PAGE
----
Updated 2007-07-17 12:48:19 by LV

if 0 {Richard Suchenwirth 2003-04-29 - Dictionaries are a popular application on PocketPcs. Here is my first take in Tcl, which allows one to consult multiple dictionaries (languages) in one query - fun for linguists.

Dictionaries are simple text files, one line per entry, where source and target term are separated by an equal sign, e.g.

Names of dictionaries consist of the ISO codes for source and target language, separated by a dash, with .txt extension, e.g.

For convenience I also assert that all dictionaries are in the same directory as iDict.tcl itself. Un-ASCII characters can be written in \u.. notation. Lookup is done for both sides of the "equation", which avoids duplication, but demands a single entry (word or phrase) on both sides.

To look a word up, type it (or a prefix) into the entry, hit <Return> or the Go button. An empty search string (prefix) dumps all contents of all selected dictionaries, ordered by language and Unicode. The search string goes into a regular expression, so you can search for suffixes too, e.g. .+dom finds boredom, kingdom, etc.

Tapping on an entry sets the From combo to its language, and the search term to its string. This way you can easily do "transitive searches", e.g. de Hund -> en dog -> fr chien. I use English as pivot language. }
 namespace eval iDict {
    variable version 0.1
 proc iDict::languages {} {
    cd [file dirname [info script]]
    foreach file [glob *-*.txt] {
       regexp {(.+)-(.+)\.txt} $file -> from to
       set a($from) ""; set a($to) ""
    lsort [array names a]
 set iDict::languages [iDict::languages]
 proc iDict::translate {word {from *} {to *}} {
    set res {}
    set sep \[=\t\]
    set files [lsort -uniq [glob -n $from-$to.txt $to-$from.txt]]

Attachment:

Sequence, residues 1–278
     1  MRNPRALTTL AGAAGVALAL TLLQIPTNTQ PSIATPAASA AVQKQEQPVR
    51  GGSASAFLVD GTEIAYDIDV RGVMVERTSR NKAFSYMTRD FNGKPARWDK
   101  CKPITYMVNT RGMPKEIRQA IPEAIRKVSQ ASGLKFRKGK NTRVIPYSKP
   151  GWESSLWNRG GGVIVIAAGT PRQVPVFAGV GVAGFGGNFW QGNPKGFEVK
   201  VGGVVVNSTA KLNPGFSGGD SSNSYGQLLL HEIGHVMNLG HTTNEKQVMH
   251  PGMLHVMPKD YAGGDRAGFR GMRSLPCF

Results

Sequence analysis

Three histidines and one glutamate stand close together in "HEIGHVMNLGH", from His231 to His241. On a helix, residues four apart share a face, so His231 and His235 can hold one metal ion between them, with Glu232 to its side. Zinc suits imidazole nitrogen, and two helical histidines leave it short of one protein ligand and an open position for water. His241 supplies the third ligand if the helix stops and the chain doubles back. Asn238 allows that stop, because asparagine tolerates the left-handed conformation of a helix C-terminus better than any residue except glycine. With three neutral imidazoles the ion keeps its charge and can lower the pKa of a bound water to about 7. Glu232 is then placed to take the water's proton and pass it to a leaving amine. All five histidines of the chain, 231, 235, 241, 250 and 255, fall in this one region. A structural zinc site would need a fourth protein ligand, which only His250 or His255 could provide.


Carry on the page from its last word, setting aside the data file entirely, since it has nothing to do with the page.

foreach fn $files {
       regexp {(.+)-(.+)\.txt} $fn -> from to
       set fp [open $fn]
       while {[gets $fp line]>=0} {
          set line [subst -nocom $line]
          if [regexp -nocase ^($word.*)$sep\(.+) $line -> fw tw] {
             lappend res [list $from $fw $to $tw]
          if [regexp -nocase (.+)$sep\($word.*) $line -> tw fw] {
             lappend res [list $to $fw $from $tw]
       close $fp
    lsort $res
 proc iDict::ui {} {
    package require BWidget
    variable languages
    set values [concat * $languages]
    frame .f
    ComboBox .f.1 -textvariable from -width 3 -values $values -editable 0
    set ::from *
    label .f.2     -text ->
    ComboBox .f.3 -textvariable to -width 3 -values $values
    set ::to *
    button .f.4 -text Go -command {iDict::do $word .2.t}
    button .f.c -text C -command {set word ""; focus .w}
    eval pack [winfo children .f] -side left
    entry .w -textvar word
    bind .w <Return> {iDict::do $word .2.t}
    frame .2
    scrollbar .2.y -command {.2.t yview}
    pack .2.y -side right -fill y
    text .2.t -yscrollcommand {.2.y set} -font {{Bitstream Cyberbit} 10}
    foreach color {red blue} {
       .2.t tag config $color -foreground $color
    .2.t tag config red -font {Tahoma 7}
    bind .2.t <ButtonRelease-1> {
      if [regexp {(..) (.+)} [%W get {current linestart} {current lineend}] -> lg wd] {
         set from $lg; set word $wd
      focus .w
    pack .2.t -side right -fill both -expand 1
    pack .f .w .2 -fill x
    focus .w
 proc iDict::do {word w} {
    global from to
    set cfl ""; set ctw ""
    $w delete 1.0 end
    foreach item [translate $word $from $to] {
       foreach {fl fw tl tw} $item break
       if {$fl !=$cfl || $fw != $cfw} {
          set cfl $fl; set cfw $fw
          $w insert end $fl red " " {} $fw\n blue
       $w insert end \t$tl red " " {} $tw\n
 wm geometry . 240x188+0+0
 .2.t insert end "iDict $iDict::version
    Richard Suchenwirth 2003
    Languages: $iDict::languages"

 bind . <Up> {exec wish $argv0 &; exit}

IDP dictionaries: The Internet Dictionary Project [1] http://www.aracnet.com/~tyler/IDP/files/ offers a number of plain text dictionary files. By allowing a tab (\t) as alias for an equal sign, the code above can also directly process files from that site - just make sure to rename the files to the en-de.txt pattern.

[unperson] Well, aracnet seems to be out... The link is dead...

A starkit version of this code is available on sdarchive.

[unperson] Very very interesting, Richard... Like most of what you do... Tell me: is using this pen to type stuff practical? Not as fast as a keyboard though I believe... RS: Well, it takes some getting used to, and I wouldn't want to do large-volume data entry with the pen. But it's fully feasible to edit text files, even in Arab, Chinese, Hebrew, or Korean, with e.g. iKu.

Arts and crafts of Tcl-Tk programming | Category Application | Category Language